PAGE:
There’s a 58 percent increase in square footage for women’s, 36 percent increase for men’s. More space means more shoes. Vitale estimated that there will be about 350 additional skus, most of which are represented by deeper buys into existing brands. “We want to make sure that we have flats and boots and ballets and sneakers, and really be able to show the full breadth of assortment that we couldn’t really show downstairs,” said Vitale, pointing out the new exclusive driving loafer program with Manolo Blahnik. “We are much more conscious of outfitting your whole shoe wardrobe up here. It’s very generous in terms of someone sitting for hours to try on shoes. If the floor is tight and you can’t sit or can’t see everything, you’re going to walk out and only buy one pair.”
Nobody wants that. What makes shoes such a hot business is the unique propensity for customers to walk out with multiple purchases. That’s why everyone in town is raising the stakes on their shoe floors, with Saks Fifth Avenue driving the competition. Its flagship eighth-floor designer shoe salon got its own zip code (10022) five years ago, and last month Saks revealed the floor’s expansion from 22,000 to 32,150 square feet, plus a host of edgy new labels, like Tabitha Simmons, Carven and Proenza Schouler. A few blocks up on Fifth Avenue, Bergdorf Goodman has carved out a thriving shoe mecca of its own.
Barneys was due to up its game. A major part of that is an unyielding vigilance toward exclusives. “Our customer expects to see things that they don’t see other places,” said Vitale. “[Exclusives] play very much into how we communicate even online. Somebody wants to know that they cannot buy this anywhere else. They can’t get it 12 blocks away.” Among the labels exclusive to Barneys, denoted by “XO” (exclusively ours) signs on the shelves, are Alexa Wagner, Narciso Rodriguez (which the store is launching for fall) and Maiyet, with exclusive styles within Gianvito Rossi, Balenciaga, Givenchy, Sergio Rossi, Manolo Blahnik, Pierre Hardy, Giuseppe Zanotti and Maison Martin Margiela. For men, exclusive brands include Sergio Rossi, Alberto Moretti-Arfango, Battistoni, Endless, Harris, Officine Creative, Franceschetti and Bettanin & Venturi. “This is one of the few products in the world where everything on this floor is either made in Italy or made in England in Northampton, where they were made 300 years ago,” said Tom Kalenderian, Barneys executive vice president and general merchandise manager of men’s wear.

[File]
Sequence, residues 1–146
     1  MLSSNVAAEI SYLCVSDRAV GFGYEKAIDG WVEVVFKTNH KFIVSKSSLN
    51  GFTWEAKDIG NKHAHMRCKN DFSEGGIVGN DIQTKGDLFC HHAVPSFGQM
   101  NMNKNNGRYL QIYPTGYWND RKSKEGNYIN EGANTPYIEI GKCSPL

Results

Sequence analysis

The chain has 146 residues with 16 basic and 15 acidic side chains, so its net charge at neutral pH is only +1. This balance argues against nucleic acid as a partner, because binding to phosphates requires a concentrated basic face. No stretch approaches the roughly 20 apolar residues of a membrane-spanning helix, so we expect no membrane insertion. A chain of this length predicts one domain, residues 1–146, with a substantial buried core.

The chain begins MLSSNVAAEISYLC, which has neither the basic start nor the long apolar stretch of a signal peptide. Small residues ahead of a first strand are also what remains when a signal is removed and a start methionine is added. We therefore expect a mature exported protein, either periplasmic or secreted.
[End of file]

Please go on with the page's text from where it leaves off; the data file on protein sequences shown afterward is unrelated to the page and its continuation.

To celebrate the shoe floor’s opening, Barneys has created the Perfect Pairs program in support of the Human Rights Campaign and its Americans for Marriage Equality Program. During the department’s first week, 10 percent of sales will benefit HRC. Celebrities, including Debra Messing, will be working the floor throughout the week.
Aside from the seventh and eighth floor Co-op section, the fifth floor shoe salon is the only element of Barneys’ Madison Avenue renovation that’s been completed, which is a testament to the importance of shoes. When asked what percentage of the company’s business is shoes, Lee would only say “significant.” As for sales volume per square foot, “It’s one of the most productive areas of the store,” he said. What about sales projection for the new space versus old? Lee replied, “Commensurate with the expansion of the space and the capital investment we’ve made.” Looks like it will pay off, if the walk-through with the execs was any indication. “I’m in the shoe department every day and I just found four pairs I want to buy,” said Vitale, approaching the Fendi display during the floor tour. “Yeah, it’s very dangerous.”